Sophie Su, co-founder of Pingo Space, told Metropolitan that since it was launched in December, they have about 10,000 Chinese users and over 1,000 expats registered as service providers for arts, sports, cooking and so on.

"Besides language, the gigs in highest demand are music and arts, as well as fitness and travel," said Su.

After returning to China from Australia eight years ago, Su, who is an Australia-born Chinese, finds that she has a lot of expat friends in Beijing and they all have unique skill sets and experience. At the same time, she also has Chinese friends who want to learn some of these skills without going abroad.

"After using platforms like Airbnb, I realized that there may be a market for expats to rent out their time to make more money. This fits in directly with a sharing economy. That's where Pingo Space comes in," said Su. "We want to connect Chinese and foreign cultures, and help erase cultural hurdles."

Martha Walch is teaching a Chinese boy some new cooking skills. Photo: Courtesy of Martha Walch



Bringing different culture 

Lily Li, a 34-year-old mother of seven-year-old Daisy, lives in Beijing and sometimes feels it hard to find a good violin teacher for her daughter. She said that some of the classes are very expensive, ranging from 600 yuan to several thousand yuan per class.

In December, a friend recommended Pingo Space and she quickly found Kasia, a foreign teacher. For each one-hour class, Li will pay 1,000 yuan. But if Daisy shares with three other pupils, it is only 250 yuan.

"Kasia is a musician from Poland, the hometown of Chopin and she has received positive feedback from users," said Li.

She said every time Daisy had class with Kasia, Daisy was very happy. When she pulled the wrong string, Kasia did not criticize and always encouraged her.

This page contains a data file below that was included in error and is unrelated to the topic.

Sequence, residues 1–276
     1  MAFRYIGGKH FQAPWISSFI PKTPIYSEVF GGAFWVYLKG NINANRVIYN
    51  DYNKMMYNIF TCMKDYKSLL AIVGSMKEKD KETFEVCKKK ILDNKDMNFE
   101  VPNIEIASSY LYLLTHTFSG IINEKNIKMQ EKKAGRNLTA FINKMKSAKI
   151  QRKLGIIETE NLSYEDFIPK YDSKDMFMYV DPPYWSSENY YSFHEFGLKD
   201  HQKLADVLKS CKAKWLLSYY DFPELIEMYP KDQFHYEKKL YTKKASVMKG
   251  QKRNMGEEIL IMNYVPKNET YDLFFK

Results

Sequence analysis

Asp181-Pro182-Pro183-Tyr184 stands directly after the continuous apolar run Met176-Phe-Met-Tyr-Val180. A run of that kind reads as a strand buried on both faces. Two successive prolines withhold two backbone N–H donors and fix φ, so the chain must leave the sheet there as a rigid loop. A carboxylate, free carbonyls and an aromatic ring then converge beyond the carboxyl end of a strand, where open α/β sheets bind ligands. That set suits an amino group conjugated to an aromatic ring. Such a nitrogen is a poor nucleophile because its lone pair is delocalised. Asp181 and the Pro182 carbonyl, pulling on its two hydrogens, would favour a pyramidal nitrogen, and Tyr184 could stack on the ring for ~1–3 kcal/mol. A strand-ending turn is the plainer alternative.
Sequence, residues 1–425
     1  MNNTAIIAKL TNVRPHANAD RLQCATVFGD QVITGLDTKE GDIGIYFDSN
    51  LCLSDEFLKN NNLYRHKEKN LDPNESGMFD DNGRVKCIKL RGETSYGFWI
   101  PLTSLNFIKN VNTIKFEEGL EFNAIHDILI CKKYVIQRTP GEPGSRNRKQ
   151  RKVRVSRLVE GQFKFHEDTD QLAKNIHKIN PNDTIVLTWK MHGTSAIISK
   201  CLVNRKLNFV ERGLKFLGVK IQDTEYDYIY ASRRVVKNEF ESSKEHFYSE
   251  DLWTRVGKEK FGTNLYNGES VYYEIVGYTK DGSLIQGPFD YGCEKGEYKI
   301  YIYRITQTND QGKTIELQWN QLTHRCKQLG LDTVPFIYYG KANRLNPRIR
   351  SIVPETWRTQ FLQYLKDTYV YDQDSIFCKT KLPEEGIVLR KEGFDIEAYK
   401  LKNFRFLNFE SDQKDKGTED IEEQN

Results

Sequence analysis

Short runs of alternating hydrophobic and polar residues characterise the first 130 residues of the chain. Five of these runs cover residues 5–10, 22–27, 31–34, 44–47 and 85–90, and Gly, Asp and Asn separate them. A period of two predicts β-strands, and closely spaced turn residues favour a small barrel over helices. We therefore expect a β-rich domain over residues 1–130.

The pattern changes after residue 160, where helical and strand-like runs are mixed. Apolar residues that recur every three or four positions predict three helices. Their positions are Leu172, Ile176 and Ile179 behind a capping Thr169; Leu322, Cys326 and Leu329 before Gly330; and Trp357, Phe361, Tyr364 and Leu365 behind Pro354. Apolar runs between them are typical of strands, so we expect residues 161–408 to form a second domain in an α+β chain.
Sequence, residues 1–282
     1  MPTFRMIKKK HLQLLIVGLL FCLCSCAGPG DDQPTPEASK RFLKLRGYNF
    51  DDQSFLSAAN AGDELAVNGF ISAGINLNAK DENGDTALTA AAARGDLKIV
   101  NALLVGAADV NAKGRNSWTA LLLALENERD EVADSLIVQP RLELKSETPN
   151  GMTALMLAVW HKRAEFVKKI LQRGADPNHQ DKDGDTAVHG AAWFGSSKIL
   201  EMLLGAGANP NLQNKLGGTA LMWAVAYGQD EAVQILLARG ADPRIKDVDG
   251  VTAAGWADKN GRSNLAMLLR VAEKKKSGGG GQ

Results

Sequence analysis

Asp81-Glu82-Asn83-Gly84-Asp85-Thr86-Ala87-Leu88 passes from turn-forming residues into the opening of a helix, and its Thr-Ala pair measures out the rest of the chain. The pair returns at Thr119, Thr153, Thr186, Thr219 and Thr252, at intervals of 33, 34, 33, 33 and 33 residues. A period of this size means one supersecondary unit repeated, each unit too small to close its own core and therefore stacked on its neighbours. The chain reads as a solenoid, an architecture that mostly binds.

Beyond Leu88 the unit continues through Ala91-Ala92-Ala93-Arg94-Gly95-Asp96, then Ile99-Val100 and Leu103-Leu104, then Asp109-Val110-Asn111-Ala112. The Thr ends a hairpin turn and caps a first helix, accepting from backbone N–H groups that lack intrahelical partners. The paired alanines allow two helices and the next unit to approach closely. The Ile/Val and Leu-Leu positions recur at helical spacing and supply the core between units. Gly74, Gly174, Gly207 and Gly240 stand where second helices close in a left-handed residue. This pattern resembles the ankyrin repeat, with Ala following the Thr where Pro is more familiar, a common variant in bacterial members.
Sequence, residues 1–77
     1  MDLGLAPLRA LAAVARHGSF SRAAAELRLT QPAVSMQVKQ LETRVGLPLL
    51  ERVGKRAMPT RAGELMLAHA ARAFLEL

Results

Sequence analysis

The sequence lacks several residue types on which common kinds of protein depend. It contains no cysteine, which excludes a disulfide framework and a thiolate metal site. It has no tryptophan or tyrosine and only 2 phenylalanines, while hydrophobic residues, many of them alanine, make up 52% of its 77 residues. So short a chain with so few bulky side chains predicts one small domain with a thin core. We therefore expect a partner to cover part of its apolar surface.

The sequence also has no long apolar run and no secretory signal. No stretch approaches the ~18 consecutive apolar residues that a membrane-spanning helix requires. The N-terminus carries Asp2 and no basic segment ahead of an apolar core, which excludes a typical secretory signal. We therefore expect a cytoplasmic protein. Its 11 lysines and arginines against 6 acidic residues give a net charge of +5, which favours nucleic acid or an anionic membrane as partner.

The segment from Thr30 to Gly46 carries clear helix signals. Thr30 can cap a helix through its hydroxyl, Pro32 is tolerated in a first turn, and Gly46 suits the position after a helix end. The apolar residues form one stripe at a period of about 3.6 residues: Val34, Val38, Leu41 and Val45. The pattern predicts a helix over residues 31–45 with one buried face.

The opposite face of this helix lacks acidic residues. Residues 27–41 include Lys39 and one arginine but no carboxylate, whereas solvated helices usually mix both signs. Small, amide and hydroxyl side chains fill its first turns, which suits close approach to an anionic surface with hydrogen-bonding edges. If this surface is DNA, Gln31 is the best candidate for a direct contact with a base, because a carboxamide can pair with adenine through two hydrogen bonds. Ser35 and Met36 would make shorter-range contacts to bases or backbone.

"Her teaching style challenged me. I always thought the children who learn instruments are taught with sternness and torture. How can a child have such leniency in education and still have a positive outcome?" said Li.

"Then I realized that in traditional Chinese education, teachers are very strict with students; once they make a mistake, the teacher uses criticism, scolding or beating to let them gain quick progress. Foreign teachers focus more on positive feedbacks and encouragement. Having confidence in the children and praising them is what many Chinese teachers and parents lack," she said.

Li hopes that more and more foreign teachers will appear on online platforms so that parents and children can experience a different style of education and culture from the Chinese exam-oriented education pattern.

Vincent, a dating coach and the founder of xinnanshi.com, a platform that gives dating coaching to men, thinks that online platforms are a good way for him to connect with Chinese men looking for a dating coach with international experience. So far, he had coaching sessions with 10 men through Pingo Space, with each session costing between 299 and 799 yuan.